The new research by data scientists at the University of Georgia is paradoxical.
Despite the growing concern about the intrusion of algorithms into daily life, people may be more willing to trust a computer than their peers, especially if a task becomes challenging.
From choosing the next song on the playlist to choosing the right size pants, people are increasingly relying on the advice of algorithms to make daily decisions and simplify their lives.
Ask the algorithm
"Algorithms are capable of doing a huge number of tasks, a number that is expanding practically every day," he says. Eric Bogert of the Terry College of Business Department of Management Information Systems.
There seems to be a tendency to rely on algorithms as a task becomes more difficult, and that effect is stronger than the tendency to rely on other people's advice.
Bogert worked with the professor of management information systems Rick Watson and the assistant professor Aaron Schecter on a paper published today in Nature's Scientific Reports.
A systematic review
The research involved 1.500 people and is part of a larger body of work that analyzes how and when people interact with algorithms to process information and make decisions.
For this study, the team asked volunteers to count the number of people in a photograph of a crowd, providing in support of suggestions generated by a group of other people and suggestions generated by an algorithm.
As the number of people in photography increased, counting became more difficult and people started following the prompting generated by the algorithm rather than counting alone or following other people's suggestions.
Algorithms you can rely on
Schecter explained that the choice to count as a test task was important because the number of people in the photo makes the task objectively more difficult as it increases. It's also the kind of business that everyone expects computers to be good at.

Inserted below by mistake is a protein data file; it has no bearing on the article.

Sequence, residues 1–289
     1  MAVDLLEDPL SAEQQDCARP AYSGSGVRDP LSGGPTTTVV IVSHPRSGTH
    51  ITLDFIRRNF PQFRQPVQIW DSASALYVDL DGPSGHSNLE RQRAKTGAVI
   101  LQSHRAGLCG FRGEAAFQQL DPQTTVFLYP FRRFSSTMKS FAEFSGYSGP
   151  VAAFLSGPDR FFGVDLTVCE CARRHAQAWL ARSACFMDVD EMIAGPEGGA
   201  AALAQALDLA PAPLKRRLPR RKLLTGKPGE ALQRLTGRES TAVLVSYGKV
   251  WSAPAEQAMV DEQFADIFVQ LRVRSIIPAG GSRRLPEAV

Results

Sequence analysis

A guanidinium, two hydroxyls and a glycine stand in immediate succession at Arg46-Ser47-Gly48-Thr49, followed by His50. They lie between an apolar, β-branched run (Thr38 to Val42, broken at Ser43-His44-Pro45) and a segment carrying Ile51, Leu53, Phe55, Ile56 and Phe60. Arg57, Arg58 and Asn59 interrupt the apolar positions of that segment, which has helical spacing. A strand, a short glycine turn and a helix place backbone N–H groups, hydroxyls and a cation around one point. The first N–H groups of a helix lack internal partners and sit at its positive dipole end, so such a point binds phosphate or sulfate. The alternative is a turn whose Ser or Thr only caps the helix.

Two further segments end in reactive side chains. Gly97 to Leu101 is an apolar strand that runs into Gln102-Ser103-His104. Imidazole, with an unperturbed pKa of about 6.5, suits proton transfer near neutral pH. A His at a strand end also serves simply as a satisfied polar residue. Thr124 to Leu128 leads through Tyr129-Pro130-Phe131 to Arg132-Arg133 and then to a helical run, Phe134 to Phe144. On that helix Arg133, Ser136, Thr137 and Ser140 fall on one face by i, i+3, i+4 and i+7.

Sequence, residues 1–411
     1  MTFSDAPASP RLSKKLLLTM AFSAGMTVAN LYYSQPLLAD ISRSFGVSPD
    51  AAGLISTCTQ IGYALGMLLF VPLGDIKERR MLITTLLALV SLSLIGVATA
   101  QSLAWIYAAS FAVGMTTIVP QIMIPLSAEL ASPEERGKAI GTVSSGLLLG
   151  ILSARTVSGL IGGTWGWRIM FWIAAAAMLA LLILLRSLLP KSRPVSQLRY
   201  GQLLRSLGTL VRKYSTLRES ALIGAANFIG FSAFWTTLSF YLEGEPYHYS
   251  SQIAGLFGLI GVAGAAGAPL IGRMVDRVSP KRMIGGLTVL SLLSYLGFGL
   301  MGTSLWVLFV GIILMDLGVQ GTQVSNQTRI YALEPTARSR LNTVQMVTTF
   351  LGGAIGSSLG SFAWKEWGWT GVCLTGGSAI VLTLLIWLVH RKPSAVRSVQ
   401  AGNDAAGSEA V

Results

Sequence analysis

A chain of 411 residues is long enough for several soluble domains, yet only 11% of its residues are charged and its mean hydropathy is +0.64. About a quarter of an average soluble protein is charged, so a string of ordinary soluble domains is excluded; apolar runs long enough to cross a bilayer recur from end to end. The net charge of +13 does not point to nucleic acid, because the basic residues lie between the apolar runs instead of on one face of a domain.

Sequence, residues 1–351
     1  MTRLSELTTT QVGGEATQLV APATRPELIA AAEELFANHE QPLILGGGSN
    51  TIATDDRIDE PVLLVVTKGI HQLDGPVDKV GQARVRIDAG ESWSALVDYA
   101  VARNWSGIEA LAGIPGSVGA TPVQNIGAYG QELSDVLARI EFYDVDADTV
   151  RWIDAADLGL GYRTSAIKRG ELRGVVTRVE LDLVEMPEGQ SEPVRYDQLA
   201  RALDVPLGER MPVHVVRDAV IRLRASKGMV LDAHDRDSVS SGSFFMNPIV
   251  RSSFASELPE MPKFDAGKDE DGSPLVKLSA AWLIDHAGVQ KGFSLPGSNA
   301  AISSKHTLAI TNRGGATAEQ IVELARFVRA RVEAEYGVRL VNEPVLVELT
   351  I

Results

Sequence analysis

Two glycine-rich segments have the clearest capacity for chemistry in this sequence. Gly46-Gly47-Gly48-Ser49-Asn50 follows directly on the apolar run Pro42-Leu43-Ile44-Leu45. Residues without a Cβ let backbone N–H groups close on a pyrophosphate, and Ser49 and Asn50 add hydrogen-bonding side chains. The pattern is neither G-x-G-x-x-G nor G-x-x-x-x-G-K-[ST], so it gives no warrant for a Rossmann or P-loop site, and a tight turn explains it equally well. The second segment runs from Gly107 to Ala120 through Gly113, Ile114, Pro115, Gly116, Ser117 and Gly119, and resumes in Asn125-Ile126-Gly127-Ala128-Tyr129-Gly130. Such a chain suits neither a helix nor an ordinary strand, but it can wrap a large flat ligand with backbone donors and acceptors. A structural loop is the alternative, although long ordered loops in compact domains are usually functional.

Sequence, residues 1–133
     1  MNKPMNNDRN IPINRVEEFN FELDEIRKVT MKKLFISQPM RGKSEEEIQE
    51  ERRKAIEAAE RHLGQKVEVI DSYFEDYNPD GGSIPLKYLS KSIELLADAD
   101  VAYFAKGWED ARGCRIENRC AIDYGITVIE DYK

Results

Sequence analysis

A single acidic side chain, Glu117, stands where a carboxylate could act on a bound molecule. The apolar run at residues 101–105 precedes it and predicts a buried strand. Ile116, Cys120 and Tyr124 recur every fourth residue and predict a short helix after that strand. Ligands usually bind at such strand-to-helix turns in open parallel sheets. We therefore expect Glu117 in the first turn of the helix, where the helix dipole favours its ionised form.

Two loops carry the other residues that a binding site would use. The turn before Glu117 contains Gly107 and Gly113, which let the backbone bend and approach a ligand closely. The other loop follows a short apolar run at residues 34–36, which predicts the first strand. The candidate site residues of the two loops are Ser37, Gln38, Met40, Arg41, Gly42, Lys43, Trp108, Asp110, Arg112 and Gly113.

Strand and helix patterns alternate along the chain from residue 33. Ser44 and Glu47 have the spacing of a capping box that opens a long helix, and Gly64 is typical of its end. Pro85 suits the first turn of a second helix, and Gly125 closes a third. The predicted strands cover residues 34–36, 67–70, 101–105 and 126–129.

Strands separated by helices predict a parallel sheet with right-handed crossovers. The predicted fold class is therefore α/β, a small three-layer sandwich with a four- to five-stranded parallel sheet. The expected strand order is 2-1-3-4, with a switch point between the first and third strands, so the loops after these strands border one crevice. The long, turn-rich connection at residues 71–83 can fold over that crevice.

This is a task that people perceive a computer to be good at, although it may be more prone to bias than counting objects.Aaron Schecter
Addiction is a risk
“One of the common problems with AI is when it is used to grant credit or approve loans. There are many parameters to consider (eg income, or "credit standing"): this makes it a good job for an algorithm.
However, dependence on algorithms is a risk. I say more: it can be bad for me. Because it leads to discriminatory practices, perhaps due to social factors that are not considered.
You have no doubt heard of the algorithms of facial recognition, and how they were indicted. Their use revealed cultural biases in the way they were built, which can cause inaccuracies when matching faces to identities or selecting qualified candidates.
Biases that may not be present in activities such as counting, however, it is important to understand how people rely on algorithms when making decisions.
This study, as mentioned, was part of Schecter's larger research program on human-machine collaboration, funded by the US Army Research Bureau.
The ultimate goal is to look at groups of humans and machines making decisions and find out how we can get them to trust each other and how this changes their behavior.
Since there is very little research in that context, the researchers started practically from scratch. Schecter, Watson, and Bogert are currently studying how people rely on algorithms when making creative judgments and moral judgments. Among the examples? Write descriptive passages, or fix bail for prisoners.